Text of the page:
The cost crisis shrinks the margins and complicates the drop in food


Food prices continue to be at the center of the concerns of the vast majority of Spaniards. He agreement reached this Monday between the French government and large retailers (the seven largest supermarkets accumulate a market share of 93% compared to 56.2% in Spain, according to Kantar) to create a list of products at reduced prices, to be chosen by each establishment and valid until June, the debate has revived on how to stop the escalation of the shopping cart in Spain. Especially in view of the modest results of the VAT reduction approved at the end of last year, which studies such as Fedea’s estimated at less than 40 euros on average in the first half of the year. The different actors in the agri-food chain (producers, industry, distribution) share the same diagnosis. The origin of this situation lies in the increase in production costs, which reduces business margins and which, in the end, turns it into an impossible mission? government efforts to tame inflation.

However, what happened in France this Monday includes another interesting derivative for the Spanish case. The French Minister of Economy, Bruno Le Maire, made the solemn promise that his department will publish all the figures of margins of farmers, industry and distribution. That is, to put white on black what each one earns. Is that possible in the case of our agri-food chain? Before answering this question, it is convenient to know what the aforementioned consists of. ‘cost inflation’.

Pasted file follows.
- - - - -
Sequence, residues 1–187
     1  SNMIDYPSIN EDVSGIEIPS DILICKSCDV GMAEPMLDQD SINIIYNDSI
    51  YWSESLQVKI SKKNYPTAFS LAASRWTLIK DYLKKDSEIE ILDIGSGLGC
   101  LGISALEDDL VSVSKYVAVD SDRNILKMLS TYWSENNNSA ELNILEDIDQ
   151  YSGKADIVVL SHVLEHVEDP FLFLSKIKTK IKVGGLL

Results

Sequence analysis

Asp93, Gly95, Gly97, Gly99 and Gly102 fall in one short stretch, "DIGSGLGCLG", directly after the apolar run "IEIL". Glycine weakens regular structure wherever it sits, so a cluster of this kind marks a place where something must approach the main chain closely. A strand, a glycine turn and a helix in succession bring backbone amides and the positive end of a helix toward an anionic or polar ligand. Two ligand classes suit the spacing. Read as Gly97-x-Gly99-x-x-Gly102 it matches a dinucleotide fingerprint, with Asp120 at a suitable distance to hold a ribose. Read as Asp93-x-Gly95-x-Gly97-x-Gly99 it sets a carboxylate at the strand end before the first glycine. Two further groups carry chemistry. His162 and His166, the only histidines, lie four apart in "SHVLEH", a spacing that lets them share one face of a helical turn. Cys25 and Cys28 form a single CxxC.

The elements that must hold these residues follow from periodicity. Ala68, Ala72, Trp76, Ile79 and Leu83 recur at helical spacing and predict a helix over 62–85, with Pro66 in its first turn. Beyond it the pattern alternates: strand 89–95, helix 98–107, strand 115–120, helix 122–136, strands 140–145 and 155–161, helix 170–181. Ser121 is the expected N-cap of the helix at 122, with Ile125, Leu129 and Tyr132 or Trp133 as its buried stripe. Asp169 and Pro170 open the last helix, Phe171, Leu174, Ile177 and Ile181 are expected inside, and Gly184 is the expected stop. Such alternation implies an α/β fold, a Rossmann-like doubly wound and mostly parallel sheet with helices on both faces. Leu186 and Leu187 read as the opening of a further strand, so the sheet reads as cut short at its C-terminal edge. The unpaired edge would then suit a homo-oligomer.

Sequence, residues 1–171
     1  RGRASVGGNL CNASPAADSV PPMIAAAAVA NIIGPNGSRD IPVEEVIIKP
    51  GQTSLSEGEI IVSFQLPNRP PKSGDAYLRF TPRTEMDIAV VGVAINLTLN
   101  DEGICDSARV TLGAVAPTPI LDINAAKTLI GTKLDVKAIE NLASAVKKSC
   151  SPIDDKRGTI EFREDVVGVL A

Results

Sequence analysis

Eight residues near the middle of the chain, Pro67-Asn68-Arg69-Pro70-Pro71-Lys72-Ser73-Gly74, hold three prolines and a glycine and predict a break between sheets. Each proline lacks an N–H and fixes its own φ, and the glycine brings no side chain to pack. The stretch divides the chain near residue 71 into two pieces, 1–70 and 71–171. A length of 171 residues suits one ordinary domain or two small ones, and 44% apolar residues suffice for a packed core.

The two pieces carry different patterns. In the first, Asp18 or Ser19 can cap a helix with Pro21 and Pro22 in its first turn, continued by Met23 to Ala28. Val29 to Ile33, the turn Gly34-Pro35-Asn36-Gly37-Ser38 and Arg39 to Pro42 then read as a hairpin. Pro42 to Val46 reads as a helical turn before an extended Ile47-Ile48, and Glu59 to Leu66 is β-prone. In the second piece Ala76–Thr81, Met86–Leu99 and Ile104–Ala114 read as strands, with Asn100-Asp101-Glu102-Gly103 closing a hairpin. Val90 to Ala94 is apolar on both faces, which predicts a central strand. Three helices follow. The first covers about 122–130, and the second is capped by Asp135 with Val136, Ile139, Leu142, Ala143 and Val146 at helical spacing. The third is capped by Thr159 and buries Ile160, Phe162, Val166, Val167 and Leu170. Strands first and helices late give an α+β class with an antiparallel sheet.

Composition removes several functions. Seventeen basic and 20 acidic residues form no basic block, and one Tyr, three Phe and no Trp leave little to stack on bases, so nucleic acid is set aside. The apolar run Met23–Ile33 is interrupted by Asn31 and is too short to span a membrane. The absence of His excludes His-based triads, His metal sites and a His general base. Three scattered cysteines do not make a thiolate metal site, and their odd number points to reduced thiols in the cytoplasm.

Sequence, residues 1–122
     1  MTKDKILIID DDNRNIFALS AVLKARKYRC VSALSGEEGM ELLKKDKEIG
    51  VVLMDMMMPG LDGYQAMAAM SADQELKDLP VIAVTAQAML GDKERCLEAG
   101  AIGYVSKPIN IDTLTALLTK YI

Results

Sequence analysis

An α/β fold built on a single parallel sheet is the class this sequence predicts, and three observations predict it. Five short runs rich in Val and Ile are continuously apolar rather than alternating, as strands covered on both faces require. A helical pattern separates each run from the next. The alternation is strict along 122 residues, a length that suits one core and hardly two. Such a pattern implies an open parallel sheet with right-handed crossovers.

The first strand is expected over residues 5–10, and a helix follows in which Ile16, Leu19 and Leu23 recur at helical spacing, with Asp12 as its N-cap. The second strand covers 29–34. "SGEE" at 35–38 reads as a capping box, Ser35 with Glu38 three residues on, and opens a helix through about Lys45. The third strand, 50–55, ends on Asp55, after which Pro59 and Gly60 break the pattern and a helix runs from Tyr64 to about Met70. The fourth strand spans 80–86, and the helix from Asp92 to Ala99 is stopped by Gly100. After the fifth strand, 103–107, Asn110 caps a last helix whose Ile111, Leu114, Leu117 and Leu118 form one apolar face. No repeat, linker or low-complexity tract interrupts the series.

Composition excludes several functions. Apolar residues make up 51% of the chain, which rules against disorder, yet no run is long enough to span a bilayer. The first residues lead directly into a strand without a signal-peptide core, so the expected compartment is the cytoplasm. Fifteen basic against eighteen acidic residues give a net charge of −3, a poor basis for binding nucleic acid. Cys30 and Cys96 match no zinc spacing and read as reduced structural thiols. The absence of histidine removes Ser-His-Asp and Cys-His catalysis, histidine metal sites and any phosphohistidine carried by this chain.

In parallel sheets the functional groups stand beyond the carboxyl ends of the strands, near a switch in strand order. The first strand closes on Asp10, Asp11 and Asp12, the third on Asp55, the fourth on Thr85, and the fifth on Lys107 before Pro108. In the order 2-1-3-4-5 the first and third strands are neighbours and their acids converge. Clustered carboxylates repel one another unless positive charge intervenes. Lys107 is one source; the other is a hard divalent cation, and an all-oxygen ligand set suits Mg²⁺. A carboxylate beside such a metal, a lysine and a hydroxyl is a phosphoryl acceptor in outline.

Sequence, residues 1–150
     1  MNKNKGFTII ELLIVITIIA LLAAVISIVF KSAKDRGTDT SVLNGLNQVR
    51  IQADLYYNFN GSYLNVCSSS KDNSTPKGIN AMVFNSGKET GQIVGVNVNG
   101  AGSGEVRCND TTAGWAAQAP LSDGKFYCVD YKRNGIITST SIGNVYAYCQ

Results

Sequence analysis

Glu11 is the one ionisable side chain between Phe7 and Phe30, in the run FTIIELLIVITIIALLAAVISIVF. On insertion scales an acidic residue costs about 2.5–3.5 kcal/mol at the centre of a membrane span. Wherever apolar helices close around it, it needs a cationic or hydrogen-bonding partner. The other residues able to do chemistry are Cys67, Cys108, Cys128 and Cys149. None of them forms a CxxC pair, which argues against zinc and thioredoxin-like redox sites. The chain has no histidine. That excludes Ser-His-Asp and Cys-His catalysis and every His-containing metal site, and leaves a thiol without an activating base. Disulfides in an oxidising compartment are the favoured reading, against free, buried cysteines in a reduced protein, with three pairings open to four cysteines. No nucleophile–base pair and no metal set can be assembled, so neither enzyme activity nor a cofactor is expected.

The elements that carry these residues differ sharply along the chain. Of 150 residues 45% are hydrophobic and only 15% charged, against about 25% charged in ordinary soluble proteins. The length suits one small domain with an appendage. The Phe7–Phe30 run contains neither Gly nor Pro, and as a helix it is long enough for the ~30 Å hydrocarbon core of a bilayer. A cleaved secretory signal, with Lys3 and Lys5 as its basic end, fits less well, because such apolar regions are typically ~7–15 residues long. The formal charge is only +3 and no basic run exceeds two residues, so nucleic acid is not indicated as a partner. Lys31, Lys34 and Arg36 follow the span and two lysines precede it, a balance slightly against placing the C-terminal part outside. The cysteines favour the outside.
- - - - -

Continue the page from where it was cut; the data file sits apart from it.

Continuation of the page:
Is someone making a living out of this?

In a conference in defense of the Spanish food system, organized in the Congress of Deputies by the Popular Party on March 3, the partner in Ernest & Young (EY) – Parthenon Retail and Consumption, José Antonio Latre, pointed to the lower cost and price growth within the agri-food chain. Especially in the last two links, industry and distribution. Specifically, based on statistics from the Ministry of Agriculture and the National Statistics Institute (INE) as of November 2022 (the most recent data in some cases), it highlighted that the prices received by farmers and ranchers they had risen an interannual average of 23.7% compared to 33.6% when agricultural goods and services had become more expensive. For its part, in the case of the agri-food industry, the Industrial Price Index (IPRI) evolved an interannual average of 16.4% in the same time while the general index of the CPI 11.2% did.

All of the above, in the opinion of this consultant, shows that the different actors (farmers, ranchers, industry, distribution…) would not be benefiting from the high prices to fatten their margins, but would be reducing them or transferring them to the consumer as little as possible. . sources of the National Association of Large Distribution Companies (ANGED)consulted by La Información, have recalled in a similar direction that up to 80% of their costs are from provisioning and that, in 2022, the spending of the first 22 Spanish distribution companies in this concept reached 8,400 million euros.